Cicero 's Against Catilina Orations Essay

Cicero 's Against Catilina Orations Essay

Length: 2084 words (6 double-spaced pages)

Rating: Better Essays

Open Document

Essay Preview

Cicero’s Against Catilina orations tells the reader way more about Cicero himself than what it’s like being a Roman consul during the Roman Republic. That’s not to say that Cicero’s orations don’t tell you anything about what it’s like being a Roman consul, because they do, it’s just that one gets way more insight into Cicero. Written works tell you more about the author than they could ever tell you about the subject. From this speech alone, one now knows about all about Cicero’s morals and values. He values reputation very highly. He also has a certain set of standards/morals that he holds himself and everyone else to. He doesn’t neglect those morals and he doesn’t expect others to either.

First off, the prosecution of Catilina is really big for Cicero. This is the big case that could potentially prove Cicero’s worth. Cicero comes from a poorer family, outside of Rome, while most of those in the Senate came from really rich family with old money invested within the land. Their names held power and meaning, because of the family history behind them, but Cicero didn’t have any of that. His family name does hold as much weight and power as the names of others. The other senators all called him a new man “novus homo”. He won his consulship by complete chance. No one actually thought he would do much, but Cicero set out to make a name for himself. To make his name power and known. So he began looking things by which he would be able to prove himself. He was actively searching for suspicious activity within Rome, hoping that it would be his big break. And that is what this was. By exposing Catilina’s plot to destroy Rome, Cicero could prove his worth within the eyes of Senate and the people of Rome. Throughout all of these speeche...

... middle of paper ... save Rome. Essentially he says that while he doesn’t want to do anything like this, he could if the safety of Rome was at stake.

Everything that Cicero has written, has told the reader way more about him than about anything else. Cicero’s core morals and values shine through in his writing. He is a man who is constantly trying to prove his worth in the eyes of the people. He highly values reputation, and according to him, it is the lifeblood of the Senate. Reputation is what makes you important. It’s what makes you noticeable. He also values Rome above all other things. He thinks that as a Roman consul, one should also highly value Rome, as well as have a sense of duty and honor. Cicero also happens to be a stickler for the rules and refuses to break any, because in doing so, he would be betraying the Roman people and Rome herself. To Cicero, Rome is everything.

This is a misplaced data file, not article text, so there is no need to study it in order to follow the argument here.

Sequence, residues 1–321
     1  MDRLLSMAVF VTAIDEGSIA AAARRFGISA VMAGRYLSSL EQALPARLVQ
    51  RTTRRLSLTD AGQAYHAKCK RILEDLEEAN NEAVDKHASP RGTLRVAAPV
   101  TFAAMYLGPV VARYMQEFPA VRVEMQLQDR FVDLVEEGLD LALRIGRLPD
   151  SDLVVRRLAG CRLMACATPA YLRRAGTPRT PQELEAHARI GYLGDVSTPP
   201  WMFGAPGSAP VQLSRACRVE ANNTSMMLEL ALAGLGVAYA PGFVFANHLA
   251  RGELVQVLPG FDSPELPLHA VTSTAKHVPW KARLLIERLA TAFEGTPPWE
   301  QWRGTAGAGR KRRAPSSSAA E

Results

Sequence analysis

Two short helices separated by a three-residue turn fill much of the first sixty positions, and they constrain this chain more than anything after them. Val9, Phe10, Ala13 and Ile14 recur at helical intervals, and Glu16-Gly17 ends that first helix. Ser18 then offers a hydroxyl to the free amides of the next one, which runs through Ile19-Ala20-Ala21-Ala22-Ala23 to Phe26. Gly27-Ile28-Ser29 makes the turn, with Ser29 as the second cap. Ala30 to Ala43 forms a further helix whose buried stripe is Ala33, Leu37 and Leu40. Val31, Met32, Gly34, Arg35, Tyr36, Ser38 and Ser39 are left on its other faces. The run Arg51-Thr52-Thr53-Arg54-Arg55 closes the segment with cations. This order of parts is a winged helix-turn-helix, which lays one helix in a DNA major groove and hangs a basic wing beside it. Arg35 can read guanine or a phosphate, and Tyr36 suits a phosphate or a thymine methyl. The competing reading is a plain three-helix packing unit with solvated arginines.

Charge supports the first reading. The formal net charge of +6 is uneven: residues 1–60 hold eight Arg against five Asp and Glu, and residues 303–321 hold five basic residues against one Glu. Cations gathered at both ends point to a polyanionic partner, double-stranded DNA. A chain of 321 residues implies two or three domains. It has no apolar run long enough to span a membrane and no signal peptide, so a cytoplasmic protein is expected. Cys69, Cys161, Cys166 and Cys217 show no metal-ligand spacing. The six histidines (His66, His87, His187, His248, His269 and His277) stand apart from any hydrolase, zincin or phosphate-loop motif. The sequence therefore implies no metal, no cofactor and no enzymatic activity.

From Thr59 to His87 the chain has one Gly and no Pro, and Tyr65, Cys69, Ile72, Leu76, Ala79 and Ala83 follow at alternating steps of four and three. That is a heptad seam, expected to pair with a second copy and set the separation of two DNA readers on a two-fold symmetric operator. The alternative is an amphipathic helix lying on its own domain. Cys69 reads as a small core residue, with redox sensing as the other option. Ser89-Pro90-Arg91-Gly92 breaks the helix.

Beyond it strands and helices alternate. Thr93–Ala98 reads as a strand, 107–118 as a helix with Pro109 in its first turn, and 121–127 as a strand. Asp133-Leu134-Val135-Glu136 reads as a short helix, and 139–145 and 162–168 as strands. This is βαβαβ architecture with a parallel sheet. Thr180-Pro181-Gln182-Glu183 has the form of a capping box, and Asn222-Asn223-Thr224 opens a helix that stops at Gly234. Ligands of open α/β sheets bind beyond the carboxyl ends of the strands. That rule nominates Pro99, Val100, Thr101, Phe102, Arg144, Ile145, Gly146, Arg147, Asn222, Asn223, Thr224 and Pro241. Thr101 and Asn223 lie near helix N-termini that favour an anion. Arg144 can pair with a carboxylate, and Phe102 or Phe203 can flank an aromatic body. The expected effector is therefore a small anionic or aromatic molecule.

Need Writing Help?

Get feedback on grammar, clarity, concision and logic instantly.

Check your paper »

Cicero 's Works Of Julius Caesar Essay

- Cicero Selected Works After the assignation of Julius Caesar, dictator of Rome, Marc Antony quickly gathered supporters and rose to power with Lepidus and Octavian. Antony’s rise to power brings Cicero back to Rome and to the Senate. Upon arriving, Cicero learns of Antony’s new proposals to the Senate and decides not to attend the meeting. For this reason, Antony ridicules and disgraces Cicero. Cicero retaliates and defends himself from Marc Antony’s comments through the Second Philippic. In his writing, Cicero argues the accusations made against him and uses rhetoric to show the Senate how imprudent and unwise Antony really is....   [tags: Julius Caesar, Roman Republic, Cicero, Augustus]

Better Essays
1557 words (4.4 pages)

The Catiline Conspiracy Essay

- Sallust, Cicero and the Catiline Conspiracy Both the histories of Sallust and the orations of Cicero can be considered literary works, to a degree. The War With Catiline, by Sallust and The First Speech Against Lucius Sergius Catilina, by Cicero, both contain excellent examples of writings from the age of the great Roman Empire. Although both are fantastic pieces depicting a time of tragedy, the Catiline Conspiracy against Rome, and they both think Catiline as evil, the two are also different....   [tags: essays research papers]

Better Essays
836 words (2.4 pages)

Cicero Essay

- Cicero Cicero was and still is one of the greatest writers and politicians of all-time. He studied law, oratory, literature, and philosophy under Scaevola to enrich Rome with fine writings and political excellence. His birth name was Marcus Tullius. Born in 106 B.C., Cicero was anything but popular. His hometown of Arpinum was not exactly among the top cities of Rome. Cicero unlike most great writers and politicians of his time, had to work hard and use the wealth and power of others to find his place in Roman aristocracy....   [tags: Papers]

Free Essays
437 words (1.2 pages)

Read the Corn-Sale Dilemma (Cicero, On Duties 3.50-57). How can this scenario help to understand the ancient arguments for treating other people gener